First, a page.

An American-Iranian dual national and his wife were arrested by Iran’s Islamic Revolutionary Guard Corps in July, and have been detained ever since without charge and without access to lawyers in Tehran’s Evin Prison. Karan Vafadari and his wife Afarin Niasari, before their arrest and detention, ran an art gallery in Tehran. Hadi Ghaemi, the executive director of the International Campaign for Human Rights in Iran (ICHRI), said, “Yet another case of a dual national snatched and held without charge or access to a lawyer represents an alarming continuation of a judicial system run by intelligence agencies with no respect for the law and no accountability.”
According to the ICHRI, Vafadari belongs to the Baha’i faith. In October, representatives of the Baha’i religion accused Iranian President Hassan Rouhani’s government of “ongoing efforts to destroy the Baha’i community.” Since Rouhani took power in 2013, more than 151 Baha’i have been arrested and 388 acts of economic discrimination — including threats, intimidation and the closing of Baha’i-owned businesses — have been documented against members of the faith, according to the report. Thousands of Baha’i have also been denied entry into universities, while 28 have been expelled on the basis of their religion, which has been outlawed by the Islamic Republic.
Iran has a history of arresting dual nationals, which it does not recognize, meaning that the individuals cannot receive consular assistance; according to Reuters, as of July, the imprisoned dual nationals comprised “the highest number of Iranians with dual-nationality detained at one time in recent years to have been acknowledged.” Many analysts believe that Iran is “seeking concessions from the West in exchange for releasing” dual nationals, the Associated Press wrote in August.
George Mitchell, the former Democratic Senate Majority Leader who served as President Obama’s Special Envoy for Middle East Peace, said in an interview Thursday that he disagreed with President Jimmy Carter’s New York Times op-ed published earlier this week, which suggested that Obama impose terms of an Israeli-Palestinian peace accord through the United Nations Security Council.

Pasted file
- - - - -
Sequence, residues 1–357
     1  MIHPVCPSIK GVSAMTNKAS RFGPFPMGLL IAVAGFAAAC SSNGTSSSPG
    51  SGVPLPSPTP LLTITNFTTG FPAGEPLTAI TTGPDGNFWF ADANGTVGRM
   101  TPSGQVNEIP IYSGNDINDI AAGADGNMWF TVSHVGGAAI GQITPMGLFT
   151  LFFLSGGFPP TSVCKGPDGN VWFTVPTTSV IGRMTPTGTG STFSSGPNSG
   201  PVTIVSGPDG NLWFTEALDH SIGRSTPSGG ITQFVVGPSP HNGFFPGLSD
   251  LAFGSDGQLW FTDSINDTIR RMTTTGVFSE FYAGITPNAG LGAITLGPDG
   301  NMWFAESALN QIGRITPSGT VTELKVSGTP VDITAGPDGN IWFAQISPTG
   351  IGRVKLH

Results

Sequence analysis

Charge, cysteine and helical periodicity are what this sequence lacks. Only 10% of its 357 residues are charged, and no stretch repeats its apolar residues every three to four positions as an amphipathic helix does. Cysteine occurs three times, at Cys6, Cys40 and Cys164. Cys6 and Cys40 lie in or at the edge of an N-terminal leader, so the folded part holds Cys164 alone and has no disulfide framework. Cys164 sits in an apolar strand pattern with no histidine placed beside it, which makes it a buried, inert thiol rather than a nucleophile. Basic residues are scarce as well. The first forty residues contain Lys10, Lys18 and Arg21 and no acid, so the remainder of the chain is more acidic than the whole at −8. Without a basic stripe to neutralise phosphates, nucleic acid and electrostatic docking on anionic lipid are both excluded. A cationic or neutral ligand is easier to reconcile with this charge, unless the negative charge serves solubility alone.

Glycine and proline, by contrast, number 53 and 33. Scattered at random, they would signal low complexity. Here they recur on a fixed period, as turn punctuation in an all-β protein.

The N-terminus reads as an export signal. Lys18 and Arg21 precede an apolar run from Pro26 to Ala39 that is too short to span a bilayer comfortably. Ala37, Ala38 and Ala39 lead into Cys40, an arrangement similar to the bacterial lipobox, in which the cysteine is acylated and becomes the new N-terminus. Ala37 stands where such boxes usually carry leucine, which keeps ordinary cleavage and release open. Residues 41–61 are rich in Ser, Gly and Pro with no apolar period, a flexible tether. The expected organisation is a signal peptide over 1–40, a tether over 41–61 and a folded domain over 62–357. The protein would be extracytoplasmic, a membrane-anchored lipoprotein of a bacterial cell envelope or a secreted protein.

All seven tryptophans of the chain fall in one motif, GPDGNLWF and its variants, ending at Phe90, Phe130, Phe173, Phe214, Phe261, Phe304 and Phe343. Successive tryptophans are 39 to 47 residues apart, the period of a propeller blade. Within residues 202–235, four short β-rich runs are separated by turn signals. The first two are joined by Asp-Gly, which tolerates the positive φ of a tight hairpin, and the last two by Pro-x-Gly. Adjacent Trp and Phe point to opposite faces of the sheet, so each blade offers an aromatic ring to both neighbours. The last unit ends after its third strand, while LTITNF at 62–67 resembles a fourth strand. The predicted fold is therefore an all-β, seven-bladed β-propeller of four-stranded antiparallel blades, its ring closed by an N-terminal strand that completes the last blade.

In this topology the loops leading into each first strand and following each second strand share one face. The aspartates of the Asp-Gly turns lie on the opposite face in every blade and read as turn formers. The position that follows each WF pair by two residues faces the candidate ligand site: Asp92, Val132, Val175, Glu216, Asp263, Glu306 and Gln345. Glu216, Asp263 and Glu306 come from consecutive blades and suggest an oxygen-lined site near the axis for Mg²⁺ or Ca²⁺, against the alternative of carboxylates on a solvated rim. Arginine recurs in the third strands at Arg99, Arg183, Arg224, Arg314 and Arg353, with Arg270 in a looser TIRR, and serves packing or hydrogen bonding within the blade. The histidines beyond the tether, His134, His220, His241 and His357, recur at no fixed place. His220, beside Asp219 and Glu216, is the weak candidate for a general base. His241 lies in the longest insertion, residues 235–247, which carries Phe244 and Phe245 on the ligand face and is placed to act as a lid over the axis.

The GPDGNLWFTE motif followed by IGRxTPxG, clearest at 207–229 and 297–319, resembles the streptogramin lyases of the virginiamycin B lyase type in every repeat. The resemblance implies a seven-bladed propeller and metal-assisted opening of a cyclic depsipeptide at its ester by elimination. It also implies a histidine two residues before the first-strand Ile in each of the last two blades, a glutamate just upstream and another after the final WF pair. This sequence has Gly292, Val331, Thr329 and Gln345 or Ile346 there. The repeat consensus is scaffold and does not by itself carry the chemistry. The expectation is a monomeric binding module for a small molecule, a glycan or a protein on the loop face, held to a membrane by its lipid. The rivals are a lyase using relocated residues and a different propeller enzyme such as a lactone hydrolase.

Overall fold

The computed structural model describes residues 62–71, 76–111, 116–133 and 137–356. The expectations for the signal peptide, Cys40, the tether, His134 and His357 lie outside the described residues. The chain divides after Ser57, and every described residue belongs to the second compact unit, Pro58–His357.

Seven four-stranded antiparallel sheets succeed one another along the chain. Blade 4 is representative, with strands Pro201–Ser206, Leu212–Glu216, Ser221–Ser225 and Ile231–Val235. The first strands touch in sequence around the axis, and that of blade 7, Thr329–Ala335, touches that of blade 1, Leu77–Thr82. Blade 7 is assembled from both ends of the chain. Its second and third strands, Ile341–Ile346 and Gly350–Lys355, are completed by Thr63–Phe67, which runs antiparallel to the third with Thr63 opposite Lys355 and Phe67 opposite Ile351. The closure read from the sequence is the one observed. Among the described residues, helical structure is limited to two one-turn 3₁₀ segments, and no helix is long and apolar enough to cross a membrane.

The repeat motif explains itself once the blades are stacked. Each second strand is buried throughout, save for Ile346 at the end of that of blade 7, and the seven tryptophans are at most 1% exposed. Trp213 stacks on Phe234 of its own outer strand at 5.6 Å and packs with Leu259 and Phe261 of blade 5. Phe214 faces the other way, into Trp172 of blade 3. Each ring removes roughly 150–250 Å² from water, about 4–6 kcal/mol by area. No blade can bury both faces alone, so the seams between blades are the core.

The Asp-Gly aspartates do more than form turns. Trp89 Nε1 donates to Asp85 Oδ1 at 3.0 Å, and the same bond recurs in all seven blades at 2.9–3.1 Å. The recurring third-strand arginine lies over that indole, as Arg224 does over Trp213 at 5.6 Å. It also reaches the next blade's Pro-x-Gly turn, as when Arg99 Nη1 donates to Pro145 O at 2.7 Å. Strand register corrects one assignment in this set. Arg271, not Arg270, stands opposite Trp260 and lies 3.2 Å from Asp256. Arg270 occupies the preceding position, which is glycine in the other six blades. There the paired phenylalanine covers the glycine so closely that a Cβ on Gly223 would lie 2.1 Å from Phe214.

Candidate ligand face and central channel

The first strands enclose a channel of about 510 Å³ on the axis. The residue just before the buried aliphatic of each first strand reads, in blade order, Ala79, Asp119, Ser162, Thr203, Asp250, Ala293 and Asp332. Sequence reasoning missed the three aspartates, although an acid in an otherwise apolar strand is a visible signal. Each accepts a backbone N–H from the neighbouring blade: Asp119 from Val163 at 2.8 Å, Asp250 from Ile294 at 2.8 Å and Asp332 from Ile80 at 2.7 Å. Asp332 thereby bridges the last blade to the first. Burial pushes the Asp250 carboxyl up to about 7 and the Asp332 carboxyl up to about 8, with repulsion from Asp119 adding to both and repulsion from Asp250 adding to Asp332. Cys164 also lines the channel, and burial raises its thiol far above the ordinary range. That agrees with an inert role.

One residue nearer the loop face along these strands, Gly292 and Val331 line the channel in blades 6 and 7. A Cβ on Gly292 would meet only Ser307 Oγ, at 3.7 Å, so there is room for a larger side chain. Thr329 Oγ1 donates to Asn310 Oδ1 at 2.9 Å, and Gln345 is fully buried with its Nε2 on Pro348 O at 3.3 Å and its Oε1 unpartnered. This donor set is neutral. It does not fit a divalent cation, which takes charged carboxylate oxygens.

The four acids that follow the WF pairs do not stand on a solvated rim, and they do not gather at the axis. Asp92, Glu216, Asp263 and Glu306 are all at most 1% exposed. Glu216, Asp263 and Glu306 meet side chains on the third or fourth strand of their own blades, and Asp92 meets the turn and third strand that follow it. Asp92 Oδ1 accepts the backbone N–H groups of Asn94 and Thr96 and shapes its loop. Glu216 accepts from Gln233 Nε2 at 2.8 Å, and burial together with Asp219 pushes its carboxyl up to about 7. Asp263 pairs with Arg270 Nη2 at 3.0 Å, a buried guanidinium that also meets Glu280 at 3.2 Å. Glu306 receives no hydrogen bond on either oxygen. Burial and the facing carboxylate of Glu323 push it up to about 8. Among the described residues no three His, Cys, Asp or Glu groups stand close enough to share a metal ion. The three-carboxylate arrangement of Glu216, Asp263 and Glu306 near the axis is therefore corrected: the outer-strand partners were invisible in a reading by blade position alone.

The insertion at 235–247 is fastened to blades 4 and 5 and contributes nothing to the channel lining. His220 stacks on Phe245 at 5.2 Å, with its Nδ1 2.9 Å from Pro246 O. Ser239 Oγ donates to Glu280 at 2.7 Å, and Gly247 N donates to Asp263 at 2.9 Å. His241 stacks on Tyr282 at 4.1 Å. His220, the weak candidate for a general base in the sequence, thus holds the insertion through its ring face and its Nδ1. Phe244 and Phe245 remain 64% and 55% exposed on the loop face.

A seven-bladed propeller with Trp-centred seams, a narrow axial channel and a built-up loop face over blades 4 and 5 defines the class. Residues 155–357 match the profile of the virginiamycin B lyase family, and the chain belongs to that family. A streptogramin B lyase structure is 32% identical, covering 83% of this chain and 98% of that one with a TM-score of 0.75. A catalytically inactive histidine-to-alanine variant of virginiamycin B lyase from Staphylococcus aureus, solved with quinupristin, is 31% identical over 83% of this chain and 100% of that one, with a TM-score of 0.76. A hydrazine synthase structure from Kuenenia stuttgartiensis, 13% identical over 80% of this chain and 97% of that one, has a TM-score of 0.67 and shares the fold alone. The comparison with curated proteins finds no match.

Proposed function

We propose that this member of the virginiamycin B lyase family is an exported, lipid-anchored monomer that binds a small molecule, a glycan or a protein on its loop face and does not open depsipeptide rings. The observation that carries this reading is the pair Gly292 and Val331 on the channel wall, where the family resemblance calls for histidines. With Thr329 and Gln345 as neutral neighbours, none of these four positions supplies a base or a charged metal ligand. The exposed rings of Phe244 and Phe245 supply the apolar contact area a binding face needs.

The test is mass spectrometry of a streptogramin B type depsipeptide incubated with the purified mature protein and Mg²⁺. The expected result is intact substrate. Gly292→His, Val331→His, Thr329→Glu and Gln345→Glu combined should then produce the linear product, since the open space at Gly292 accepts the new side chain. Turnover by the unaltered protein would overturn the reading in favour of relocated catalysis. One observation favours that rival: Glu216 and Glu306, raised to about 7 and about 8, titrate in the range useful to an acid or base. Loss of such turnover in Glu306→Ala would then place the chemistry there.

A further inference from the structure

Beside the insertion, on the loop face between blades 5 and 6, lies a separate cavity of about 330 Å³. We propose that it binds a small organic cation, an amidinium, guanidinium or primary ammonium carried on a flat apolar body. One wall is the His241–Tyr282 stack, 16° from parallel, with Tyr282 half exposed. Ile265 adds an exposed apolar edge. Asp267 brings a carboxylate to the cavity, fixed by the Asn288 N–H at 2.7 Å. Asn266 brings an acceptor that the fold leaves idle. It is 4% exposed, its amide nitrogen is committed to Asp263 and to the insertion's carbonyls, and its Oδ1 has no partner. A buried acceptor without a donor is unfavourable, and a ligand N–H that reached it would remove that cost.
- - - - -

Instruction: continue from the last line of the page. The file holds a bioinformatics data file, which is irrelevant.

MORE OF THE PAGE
Although Mitchell praised Carter’s efforts to broker a peace treaty between Israel and Egypt, he told NewsMax TV’s Steve Malzberg that “on this issue I don’t agree with President Carter.” Mitchell explained that for the United States to take sides and “unilaterally decide” acceptable outcomes of key issues, or to recognize a Palestinian state, “would be a reversal of what had been American policy for several years.”
The argument is made that, well, 137 countries have done so, which is true—something which ought to and does concern Israel. But the United States is not one of 138 countries; the United States is the world’s dominant power, [and] will play a decisive role in whatever happens in that region. And so I think we should continue the policy that we had and try to encourage the parties to negotiate the two-state solution, at which time, if successful, there will be not just a nominal Palestinian state, but a real Palestinian state.
Aaron David Miller, who also served as an American peace negotiator, wrote in an analysis for CNN.com earlier this week that choosing to follow Carter’s advice would “leave Obama’s legacy in tatters.”
So far Israel has arrested 23 arsonists connected to igniting the hundreds of fires that raged across Israel last week, and they are positioned to receive financial rewards, Palestinian Media Watch President Itamar Marcus wrote in the Jerusalem Post Wednesday. The fires have burned more than 500 homes and 32,000 acres of forests and national parks.
Palestinian law stipulates anyone imprisoned for “resisting the occupation” receives a high monthly salary. A recent research paper produced by the Jerusalem Center for Public Affairs asserted these payments constitute a violation of the Oslo Accords.
The United Kingdom froze roughly $30 million in aid to the Palestinian Authority (PA) in October over concerns that taxpayer money is being used to pay the salaries of Palestinian terrorists. The frozen funds amount to around one-third of the UK’s yearly aid to the PA.
Critics have long called for greater transparency in distribution of foreign aid payment to Palestinians, the largest per capita recipients of international development aid in the world. A Global Humanitarian Assistance report cited in The Wall Street Journal found that Palestinians received $793 million in international aid in 2013, amounting to $176 for each Palestinian. That same year, Syrians were given $106 in development assistance per capita, while eight of the remaining top ten recipients — Sudan, South Sudan, Jordan, Lebanon, Somalia, Ethiopia, Afghanistan, and the Democratic Republic of Congo — received an average of $15.30 per capita. Foreign aid amounted to about a quarter of the PA’s entire budget in 2012.